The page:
Third gender option needed on legal documents

By Managing Editor

Bhumika Shrestha, a transgender activist from Nepal, made history Oct. 24 with her arrival at the 2015 International Lesbian and Gay Association’s Asia conference. 

Following years of fighting after the Nepal Supreme Court ordered the government to create a category for citizens identifying as neither male nor female in 2007, Shrestha became the first Nepal citizen to travel with a passport marked “O” for “other” as gender. Shrestha’s achievement is both a victory and a sign that self-identification can be effectively utilized as a status in gendered documents.

Sadly, Shrestha’s right to travel as gender-free has not yet been granted to U.S. citizens, who have far to go in their struggle.

On Oct. 26, Lambda Legal announced a lawsuit on behalf of Colorado resident Dana Zzyym, who was denied a passport after refusing to identify as male or female on the application. Zzyym was born intersex, a condition of having both male and female characteristics, and does not identify on the gender binary. Lawyers representing Zzyym are advocating for an “X” gender option on U.S. passport applications. 

A number of countries already offer a third gender category on their passports, including Australia, India and Bangladesh, demonstrating the option would pose no security risks if it were to be offered in the U.S. Additionally, the U.S. already accepts foreign travel documents that include a third gender category, so the introduction of a third gender category should be extended to U.S. citizens as well.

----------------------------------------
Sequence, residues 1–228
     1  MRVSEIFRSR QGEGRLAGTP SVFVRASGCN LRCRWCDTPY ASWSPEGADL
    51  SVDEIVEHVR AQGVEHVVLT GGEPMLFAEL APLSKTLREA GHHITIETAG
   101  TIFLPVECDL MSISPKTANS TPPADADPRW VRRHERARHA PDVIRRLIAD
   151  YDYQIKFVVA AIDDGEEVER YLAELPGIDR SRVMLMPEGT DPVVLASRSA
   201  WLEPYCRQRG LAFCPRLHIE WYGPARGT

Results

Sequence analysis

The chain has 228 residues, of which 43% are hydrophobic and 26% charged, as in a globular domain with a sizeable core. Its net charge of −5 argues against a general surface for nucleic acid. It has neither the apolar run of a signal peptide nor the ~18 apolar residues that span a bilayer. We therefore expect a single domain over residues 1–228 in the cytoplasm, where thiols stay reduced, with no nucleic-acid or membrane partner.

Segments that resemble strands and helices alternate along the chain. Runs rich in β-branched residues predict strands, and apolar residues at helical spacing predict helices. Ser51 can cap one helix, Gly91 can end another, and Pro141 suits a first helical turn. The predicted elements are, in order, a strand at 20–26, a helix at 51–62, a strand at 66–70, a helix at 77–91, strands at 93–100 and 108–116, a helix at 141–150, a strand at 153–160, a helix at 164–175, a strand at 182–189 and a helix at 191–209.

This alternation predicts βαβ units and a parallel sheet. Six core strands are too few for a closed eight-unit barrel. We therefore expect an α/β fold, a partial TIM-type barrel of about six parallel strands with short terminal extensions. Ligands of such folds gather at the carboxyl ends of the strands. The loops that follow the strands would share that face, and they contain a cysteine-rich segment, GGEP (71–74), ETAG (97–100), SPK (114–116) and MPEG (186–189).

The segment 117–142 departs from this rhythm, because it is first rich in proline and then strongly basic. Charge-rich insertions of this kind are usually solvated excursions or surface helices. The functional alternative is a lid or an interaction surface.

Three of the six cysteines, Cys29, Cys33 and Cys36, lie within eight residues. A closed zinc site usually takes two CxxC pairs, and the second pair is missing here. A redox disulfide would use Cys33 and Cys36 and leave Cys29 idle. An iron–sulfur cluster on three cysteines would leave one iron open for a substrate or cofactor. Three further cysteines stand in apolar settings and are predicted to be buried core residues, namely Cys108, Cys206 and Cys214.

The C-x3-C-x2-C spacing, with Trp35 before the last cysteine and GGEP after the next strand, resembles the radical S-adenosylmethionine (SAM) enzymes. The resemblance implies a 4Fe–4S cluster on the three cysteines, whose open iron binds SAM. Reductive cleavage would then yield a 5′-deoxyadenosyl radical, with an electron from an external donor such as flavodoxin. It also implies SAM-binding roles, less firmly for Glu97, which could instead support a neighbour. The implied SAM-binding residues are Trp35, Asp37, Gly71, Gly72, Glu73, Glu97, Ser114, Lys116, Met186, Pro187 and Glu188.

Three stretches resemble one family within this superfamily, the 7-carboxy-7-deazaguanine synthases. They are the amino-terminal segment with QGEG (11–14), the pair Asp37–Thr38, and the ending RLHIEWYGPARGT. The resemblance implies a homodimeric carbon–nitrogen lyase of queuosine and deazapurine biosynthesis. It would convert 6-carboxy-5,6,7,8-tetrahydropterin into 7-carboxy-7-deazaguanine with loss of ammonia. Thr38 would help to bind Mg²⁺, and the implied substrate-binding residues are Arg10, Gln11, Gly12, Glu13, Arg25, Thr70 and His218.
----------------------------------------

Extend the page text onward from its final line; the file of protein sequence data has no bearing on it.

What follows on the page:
It is a reality that not everybody identifies along the gender binary, so forcing people to choose between male and female on passport applications is discriminatory and inaccurate, compelling citizens with a different gender identity to lie about who they are.

A significant portion of the U.S. population would benefit from a third gender option being offered on passports and other legal documents. According to the U.S. affiliate of the Organization Intersex International, 1.7 percent of the world’s population is intersex. There are nearly as many intersex people as there are redheaded ones, who make up about 2 percent of the world’s population. Of course, some intersex people do identify as male or female, but this is not always the case.

The selection of a third gender option would also benefit people outside the intersex community, like those who identify as gender fluid or without a gender at all. More education regarding gender is necessary to normalize other gender identities, making the idea of a third gender option more understandable to people who identify on the gender binary.

The U.S. should follow Nepal and other countries by offering a third gender option—”other”—in its passports and should extend this to all other legal documents. Self-identification can, and should, be the only factor used when applying for legal documents to prevent discrimination and foster inclusivity in the U.S.